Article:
9 April 2015 Anonymized data – information from which the identity of the sender has been stripped – from mobile telephone usage could provide vital support in efforts to achieve sustainable development and to respond to humanitarian crises, according to insights derived from a study by the United Nations.
The UN World Food Programme (WFP) and UN Global Pulse – an innovation initiative of the Secretary-General – have teamed up on research projects exploring the link between mobile phone usage and hunger and they are presenting their findings at the Netmob Conference for Scientific Analysis of Mobile Phone Data at the Massachusetts Institute of Technology in Boston, United States.
“This is a new frontier for humanitarian assistance,” said Arif Husain, WFP Chief Economist. “As agencies begin adopting these new techniques, information collection will become cheaper and faster, making relief programmes much more responsive to the needs of hungry poor worldwide.”
The joint projects focused on ways anonymous mobile phone data could be analysed to understand household hunger and vulnerability patterns, and doing so in real-time helps humanitarian agencies pinpoint areas of acute need with a level of speed and precision that have never been achieved before.
They uncovered a new method for estimating household expenditures on food based on mobile phone spending patterns in Africa, along with a technique for potentially identifying households for assistance during floods in Mexico and a method to quantify population mobility patterns in relation to the agricultural and livelihood cycles based on calling patterns in Senegal.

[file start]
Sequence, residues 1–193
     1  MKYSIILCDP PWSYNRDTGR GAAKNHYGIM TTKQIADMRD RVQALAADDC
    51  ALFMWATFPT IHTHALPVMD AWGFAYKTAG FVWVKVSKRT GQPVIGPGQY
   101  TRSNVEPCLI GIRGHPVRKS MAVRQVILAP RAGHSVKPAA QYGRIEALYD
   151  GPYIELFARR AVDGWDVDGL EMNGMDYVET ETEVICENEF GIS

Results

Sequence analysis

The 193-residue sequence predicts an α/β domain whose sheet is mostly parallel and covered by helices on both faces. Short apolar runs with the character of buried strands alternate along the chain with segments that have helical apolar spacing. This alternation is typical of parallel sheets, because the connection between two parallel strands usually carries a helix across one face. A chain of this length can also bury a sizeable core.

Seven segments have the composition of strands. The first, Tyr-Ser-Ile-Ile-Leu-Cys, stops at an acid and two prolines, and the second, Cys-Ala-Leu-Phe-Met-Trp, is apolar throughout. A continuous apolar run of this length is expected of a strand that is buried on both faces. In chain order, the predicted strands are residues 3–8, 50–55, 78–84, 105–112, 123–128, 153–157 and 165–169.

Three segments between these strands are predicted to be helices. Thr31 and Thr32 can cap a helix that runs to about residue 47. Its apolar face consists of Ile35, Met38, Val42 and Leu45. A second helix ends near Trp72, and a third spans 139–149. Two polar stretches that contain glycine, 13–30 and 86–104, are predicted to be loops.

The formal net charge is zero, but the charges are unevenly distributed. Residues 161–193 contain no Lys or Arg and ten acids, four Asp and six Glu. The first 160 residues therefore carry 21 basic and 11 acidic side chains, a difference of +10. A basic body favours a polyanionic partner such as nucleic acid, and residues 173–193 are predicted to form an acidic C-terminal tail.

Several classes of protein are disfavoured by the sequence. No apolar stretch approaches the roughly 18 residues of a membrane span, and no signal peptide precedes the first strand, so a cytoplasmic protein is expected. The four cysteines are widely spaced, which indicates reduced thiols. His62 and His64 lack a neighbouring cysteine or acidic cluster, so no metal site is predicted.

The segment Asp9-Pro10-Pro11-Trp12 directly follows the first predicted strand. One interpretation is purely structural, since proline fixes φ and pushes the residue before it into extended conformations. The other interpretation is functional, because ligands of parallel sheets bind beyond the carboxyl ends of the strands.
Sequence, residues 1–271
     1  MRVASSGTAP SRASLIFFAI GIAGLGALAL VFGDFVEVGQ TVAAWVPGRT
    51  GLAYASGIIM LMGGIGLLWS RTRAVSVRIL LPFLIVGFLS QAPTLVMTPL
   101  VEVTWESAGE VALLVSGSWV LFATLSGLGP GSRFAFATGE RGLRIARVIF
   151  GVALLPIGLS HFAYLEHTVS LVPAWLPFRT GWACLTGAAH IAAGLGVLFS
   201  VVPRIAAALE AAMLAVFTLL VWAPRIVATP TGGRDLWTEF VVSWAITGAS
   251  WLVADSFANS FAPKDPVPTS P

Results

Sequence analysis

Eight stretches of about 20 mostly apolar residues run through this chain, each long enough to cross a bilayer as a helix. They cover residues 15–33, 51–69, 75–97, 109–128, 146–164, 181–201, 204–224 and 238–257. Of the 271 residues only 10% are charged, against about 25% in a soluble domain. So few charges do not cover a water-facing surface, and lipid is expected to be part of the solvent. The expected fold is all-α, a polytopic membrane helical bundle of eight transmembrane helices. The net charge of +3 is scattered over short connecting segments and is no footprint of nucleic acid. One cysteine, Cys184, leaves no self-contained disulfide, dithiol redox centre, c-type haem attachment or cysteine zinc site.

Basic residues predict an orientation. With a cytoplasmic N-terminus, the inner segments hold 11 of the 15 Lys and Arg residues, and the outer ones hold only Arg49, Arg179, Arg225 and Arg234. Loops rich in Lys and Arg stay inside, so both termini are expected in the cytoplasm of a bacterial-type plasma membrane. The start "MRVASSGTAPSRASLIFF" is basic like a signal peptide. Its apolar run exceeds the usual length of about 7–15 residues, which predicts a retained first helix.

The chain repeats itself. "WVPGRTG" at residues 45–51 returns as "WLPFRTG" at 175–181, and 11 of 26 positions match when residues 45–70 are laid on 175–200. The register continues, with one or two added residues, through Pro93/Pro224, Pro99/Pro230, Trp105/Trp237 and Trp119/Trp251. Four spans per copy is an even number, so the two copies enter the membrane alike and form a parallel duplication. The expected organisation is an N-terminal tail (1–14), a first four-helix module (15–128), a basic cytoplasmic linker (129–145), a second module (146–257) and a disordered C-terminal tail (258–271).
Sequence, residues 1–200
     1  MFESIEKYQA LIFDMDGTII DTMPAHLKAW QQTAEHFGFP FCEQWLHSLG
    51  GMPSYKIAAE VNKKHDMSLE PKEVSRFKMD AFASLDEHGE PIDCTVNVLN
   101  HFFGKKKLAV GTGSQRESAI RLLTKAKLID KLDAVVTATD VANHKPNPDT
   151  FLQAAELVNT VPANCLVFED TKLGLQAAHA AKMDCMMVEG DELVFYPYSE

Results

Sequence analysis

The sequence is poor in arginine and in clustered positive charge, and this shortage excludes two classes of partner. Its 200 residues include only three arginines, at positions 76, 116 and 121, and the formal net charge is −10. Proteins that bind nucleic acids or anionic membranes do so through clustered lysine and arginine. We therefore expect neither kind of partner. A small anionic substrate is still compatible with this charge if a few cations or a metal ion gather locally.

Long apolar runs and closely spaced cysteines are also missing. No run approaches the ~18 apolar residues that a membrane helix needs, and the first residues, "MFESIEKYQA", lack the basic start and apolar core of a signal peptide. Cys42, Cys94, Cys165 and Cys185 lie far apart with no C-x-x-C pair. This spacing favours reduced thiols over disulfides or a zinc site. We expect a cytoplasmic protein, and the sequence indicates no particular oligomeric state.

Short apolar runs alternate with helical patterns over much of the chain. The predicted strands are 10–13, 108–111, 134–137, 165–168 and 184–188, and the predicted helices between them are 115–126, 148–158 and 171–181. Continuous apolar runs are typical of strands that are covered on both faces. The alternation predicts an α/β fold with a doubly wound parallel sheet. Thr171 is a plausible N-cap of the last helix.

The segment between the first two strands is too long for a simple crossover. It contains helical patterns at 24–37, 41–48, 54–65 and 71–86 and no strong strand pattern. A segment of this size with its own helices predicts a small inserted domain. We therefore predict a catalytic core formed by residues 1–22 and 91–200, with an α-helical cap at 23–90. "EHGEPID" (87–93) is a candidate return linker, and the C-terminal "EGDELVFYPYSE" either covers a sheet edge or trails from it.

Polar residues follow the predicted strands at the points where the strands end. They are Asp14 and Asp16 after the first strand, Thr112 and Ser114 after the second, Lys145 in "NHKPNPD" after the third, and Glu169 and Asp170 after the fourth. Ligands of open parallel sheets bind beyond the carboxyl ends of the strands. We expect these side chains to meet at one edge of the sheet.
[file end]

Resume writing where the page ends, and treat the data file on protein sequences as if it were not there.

“New technologies are leading to an exponential increase in the volume and types of data available, creating unprecedented possibilities for improving humanitarian aid,” said Makena Walker, Deputy Director of Global Pulse, the UN body that explores how new, digital data sources and real-time analytics technologies can help policy-makers gain better understandings of changes in human well-being and emerging vulnerabilities.
In particular, “big data” generated by mobile and online communications offers major opportunities to complement more traditional data sources, such as face-to-face surveys and satellite imagery, used by humanitarian agencies. The difference is that call data records offer the opportunity to do analysis in near real-time and at very low cost.
While the big data revolution offers tremendous opportunities, agencies are extremely mindful of the pitfalls that using such information sources implies.
“Protecting people’s privacy is of utmost concern as we develop these new approaches,” said Walker.
UN Global Pulse and WFP are appealing to telecommunications companies to join the effort in making this type of information available to the humanitarian community, where it would be used for the common good.
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